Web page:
UVa Buildings and Grounds Committee reviews new buildings at Fontaine Research Center

The University of Virginia’s Board of Visitors is meeting this week for one of their quarterly meetings. Members of the Buildings and Grounds Committee were shown design concepts for several future developments. 

“The first three concept site design guidelines coming to you for your approval are at Fontaine Park and in support of the Manning Institute for Biotechnology,” said Alice Raucher, the University of Virginia Architect. 

Paul and Dianne Manning donated $100 million to UVA for the institute, which will be built on what is now a surface parking lot at Fontaine and next to existing buildings used for biotechnology research. This is part of a master plan adopted by the Board of Visitors in September 2018. 

“The current parking upon which the building will be built will be replaced by new structured parking and the green lawn above the below-grade vivarium helps to form one of the research neighborhoods that was part of the master plan,” Raucher said. 

The new parking garage will be along Fontaine Avenue and will also support other UVA facilities elsewhere in the community with an easily accessible transit stop. 

“This will also enable the parking garage to be used as an intercept location for commuters to the medical center,” Raucher said. 

An overview of the Fontaine Research Park with conceptual locations for the three new buildings planned 

Raucher also sought approval for a new Central Energy Plant which will help UVA meet sustainability goals. 

“The energy plant will be served by geothermal wells which will be drilled underneath surface parking areas and roadways,” Raucher said.

Raucher will come back to the Buildings and Grounds Committee with a schematic plan for the three new buildings in September.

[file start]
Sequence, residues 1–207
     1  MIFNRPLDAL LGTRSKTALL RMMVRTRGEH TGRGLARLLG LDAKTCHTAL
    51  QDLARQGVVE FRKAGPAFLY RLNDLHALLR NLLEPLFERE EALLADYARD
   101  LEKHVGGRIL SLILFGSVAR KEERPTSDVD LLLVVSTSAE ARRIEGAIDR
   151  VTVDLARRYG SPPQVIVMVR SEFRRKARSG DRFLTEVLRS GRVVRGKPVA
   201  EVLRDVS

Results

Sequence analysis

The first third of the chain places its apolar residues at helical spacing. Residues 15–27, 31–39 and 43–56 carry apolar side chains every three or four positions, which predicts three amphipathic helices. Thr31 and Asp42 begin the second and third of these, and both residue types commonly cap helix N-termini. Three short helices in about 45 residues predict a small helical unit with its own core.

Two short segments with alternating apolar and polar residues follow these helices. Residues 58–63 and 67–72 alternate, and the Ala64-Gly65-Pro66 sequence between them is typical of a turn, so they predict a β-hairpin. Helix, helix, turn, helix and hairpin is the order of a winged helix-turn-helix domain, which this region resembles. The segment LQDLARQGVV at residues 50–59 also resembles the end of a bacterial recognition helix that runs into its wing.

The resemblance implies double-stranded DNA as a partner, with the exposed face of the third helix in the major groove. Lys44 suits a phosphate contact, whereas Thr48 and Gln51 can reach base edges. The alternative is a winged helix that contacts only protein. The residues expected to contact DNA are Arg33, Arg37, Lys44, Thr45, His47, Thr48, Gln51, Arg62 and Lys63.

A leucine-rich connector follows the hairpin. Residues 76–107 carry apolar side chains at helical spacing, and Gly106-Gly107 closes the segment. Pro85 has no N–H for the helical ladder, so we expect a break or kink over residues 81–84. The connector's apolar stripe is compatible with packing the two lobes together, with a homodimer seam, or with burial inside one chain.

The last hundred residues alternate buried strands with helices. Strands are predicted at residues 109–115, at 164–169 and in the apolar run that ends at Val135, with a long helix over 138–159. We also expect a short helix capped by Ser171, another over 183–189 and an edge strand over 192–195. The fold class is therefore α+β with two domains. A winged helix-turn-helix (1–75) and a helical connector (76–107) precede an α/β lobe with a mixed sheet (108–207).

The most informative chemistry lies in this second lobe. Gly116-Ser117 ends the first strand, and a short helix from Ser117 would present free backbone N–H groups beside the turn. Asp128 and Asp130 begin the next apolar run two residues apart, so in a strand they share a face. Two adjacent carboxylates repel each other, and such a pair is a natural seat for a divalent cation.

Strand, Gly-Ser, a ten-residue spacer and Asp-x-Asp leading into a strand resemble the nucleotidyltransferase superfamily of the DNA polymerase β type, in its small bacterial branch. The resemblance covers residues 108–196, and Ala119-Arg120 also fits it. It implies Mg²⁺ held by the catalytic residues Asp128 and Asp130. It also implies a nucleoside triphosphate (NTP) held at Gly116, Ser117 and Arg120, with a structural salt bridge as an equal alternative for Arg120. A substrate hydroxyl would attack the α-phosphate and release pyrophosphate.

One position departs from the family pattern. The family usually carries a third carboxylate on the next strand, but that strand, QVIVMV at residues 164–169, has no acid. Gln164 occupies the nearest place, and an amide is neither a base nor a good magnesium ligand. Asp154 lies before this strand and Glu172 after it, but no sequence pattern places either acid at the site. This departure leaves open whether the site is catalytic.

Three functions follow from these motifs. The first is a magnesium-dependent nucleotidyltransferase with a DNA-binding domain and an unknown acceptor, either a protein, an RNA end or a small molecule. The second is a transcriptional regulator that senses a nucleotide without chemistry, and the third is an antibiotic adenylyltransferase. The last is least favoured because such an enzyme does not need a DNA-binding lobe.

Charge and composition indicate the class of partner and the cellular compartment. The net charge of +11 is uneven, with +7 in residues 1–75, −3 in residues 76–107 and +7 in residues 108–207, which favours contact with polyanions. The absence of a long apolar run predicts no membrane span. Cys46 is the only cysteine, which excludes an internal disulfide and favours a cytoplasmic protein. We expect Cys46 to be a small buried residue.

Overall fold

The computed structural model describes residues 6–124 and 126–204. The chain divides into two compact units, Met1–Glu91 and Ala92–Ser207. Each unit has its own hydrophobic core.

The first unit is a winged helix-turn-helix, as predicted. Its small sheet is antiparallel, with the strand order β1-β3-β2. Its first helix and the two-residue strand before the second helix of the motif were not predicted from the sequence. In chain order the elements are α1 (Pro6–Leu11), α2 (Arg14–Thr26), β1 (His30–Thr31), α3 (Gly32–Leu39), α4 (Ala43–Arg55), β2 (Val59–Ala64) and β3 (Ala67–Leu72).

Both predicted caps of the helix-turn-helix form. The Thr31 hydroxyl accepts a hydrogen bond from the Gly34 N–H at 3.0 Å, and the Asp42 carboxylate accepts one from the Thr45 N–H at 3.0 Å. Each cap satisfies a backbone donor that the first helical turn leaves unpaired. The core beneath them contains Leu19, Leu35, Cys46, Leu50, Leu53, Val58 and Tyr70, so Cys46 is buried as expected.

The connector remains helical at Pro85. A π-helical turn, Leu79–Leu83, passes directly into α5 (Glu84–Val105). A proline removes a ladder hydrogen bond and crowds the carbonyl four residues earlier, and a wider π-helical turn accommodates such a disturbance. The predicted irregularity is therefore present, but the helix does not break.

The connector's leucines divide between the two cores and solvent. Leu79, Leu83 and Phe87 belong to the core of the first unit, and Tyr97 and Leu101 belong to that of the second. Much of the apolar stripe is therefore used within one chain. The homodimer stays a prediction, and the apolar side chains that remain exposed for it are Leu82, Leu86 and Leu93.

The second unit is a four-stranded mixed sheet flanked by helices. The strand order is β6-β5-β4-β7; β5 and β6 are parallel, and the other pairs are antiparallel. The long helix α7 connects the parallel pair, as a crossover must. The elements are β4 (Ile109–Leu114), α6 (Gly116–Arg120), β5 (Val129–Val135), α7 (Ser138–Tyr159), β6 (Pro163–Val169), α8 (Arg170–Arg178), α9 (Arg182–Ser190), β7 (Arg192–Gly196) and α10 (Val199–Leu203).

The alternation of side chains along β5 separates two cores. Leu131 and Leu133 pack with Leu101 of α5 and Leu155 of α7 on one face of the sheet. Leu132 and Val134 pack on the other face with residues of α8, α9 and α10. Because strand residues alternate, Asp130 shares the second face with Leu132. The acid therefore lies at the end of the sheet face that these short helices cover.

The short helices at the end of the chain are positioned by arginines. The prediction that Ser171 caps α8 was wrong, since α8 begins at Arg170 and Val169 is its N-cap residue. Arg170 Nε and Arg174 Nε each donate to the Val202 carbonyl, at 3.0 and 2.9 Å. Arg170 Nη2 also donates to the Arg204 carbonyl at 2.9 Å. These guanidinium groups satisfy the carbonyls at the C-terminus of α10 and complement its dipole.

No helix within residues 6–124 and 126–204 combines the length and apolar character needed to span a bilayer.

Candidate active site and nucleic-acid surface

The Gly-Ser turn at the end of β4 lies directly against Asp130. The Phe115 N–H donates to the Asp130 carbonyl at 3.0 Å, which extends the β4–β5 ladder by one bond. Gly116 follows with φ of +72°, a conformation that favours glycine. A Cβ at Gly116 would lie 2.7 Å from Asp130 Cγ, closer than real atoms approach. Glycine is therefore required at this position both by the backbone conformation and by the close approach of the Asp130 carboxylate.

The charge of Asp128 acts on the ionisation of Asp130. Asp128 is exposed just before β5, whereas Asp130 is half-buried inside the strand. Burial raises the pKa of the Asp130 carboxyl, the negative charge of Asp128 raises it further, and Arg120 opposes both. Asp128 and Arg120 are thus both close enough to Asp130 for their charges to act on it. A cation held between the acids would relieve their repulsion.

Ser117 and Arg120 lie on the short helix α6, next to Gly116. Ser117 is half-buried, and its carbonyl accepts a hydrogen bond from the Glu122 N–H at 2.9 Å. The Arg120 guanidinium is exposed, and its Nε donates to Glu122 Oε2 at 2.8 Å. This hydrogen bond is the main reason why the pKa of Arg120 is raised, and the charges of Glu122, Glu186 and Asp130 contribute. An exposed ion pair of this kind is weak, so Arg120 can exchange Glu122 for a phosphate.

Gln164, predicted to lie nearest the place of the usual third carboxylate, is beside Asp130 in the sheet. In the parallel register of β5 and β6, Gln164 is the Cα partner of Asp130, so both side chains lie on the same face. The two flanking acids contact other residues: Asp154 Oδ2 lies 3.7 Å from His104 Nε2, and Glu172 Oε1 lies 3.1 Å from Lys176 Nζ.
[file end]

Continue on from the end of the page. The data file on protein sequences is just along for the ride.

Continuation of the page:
Yesterday’s newsletter focused on the approval of 525 units on Old Ivy Road on land not controlled by the University of Virginia.

The Buildings and Grounds Committee also learned of a concept design for the expansion of the Center for Politics, which operates out of the historic Montesano building nestled within the Ivy Gardens apartment complex. 

The design would also incorporate a new road that will connect with Leonard Sandridge Drive as part of the overall redevelopment plans for Ivy Gardens. 

“Currently the access to Montesano is via Crestwood Drive which comes off of Old Ivy Road which is a shared road that’s really owned by University Village,” Raucher said. “There is a commitment that when we build this that we would build a new road that connects Montesano to Leonard Sandridge Drive.” 

The Ivy Gardens master plan also features a future central green that would feature the Center for Politics at one end and the Miller Center at another. 

A reminder that UVA does not have to submit any of its plans for review by either Albemarle County or Charlottesville. There is a three-party agreement from 1986 that is intended to govern planning issues. (read the document)

Location maps for the renovation and expansion of Montesano (Credit: University of Virginia Architect)

In other business, they agreed to approve the demolition of a shed at Zehmer that has been used for communications equipment as well as some townhomes at the College of Wise that have been unoccupied since 2013.

The Buildings and Grounds Committee also signed off on new names for several future buildings and amenities. 

  • The new hotel at Darden will be officially named the “Frank M. Sands Sr. and Marjorie R. Sands Hotel at the Darden and Conference Center for Lifelong Learning.” The hotel will be marketed as the Forum Hotel and will be run by Klimpton Hotels and Restaurants. 
  • Several places at the new hotel will be named for the Altec/Styslinger Foundation including a bar and lobby, a bar terrace, a second terrace, and a rooftop terrace. 
  • The new arboretum at Darden will have a bridge that was to have been named after a pair of donors. Now they would like it to be named The Connection Bridge. 
  • Another structural walkway that will span the central pond in the arboretum will be named the Carl Mason Franklin footbridge. 

More from the UVA Board of Visitors in a future installment of Charlottesville Community Engagement. 

Before you go: The time to write and research of this article is covered by paid subscribers to Charlottesville Community Engagement. In fact, this particular installment comes from the March 3, 2023 edition of the program. To ensure this research can be sustained, please consider becoming a paid subscriber or contributing monthly through Patreon.

3 thoughts on “UVa Buildings and Grounds Committee reviews new buildings at Fontaine Research Center

Leave a Reply

%d bloggers like this: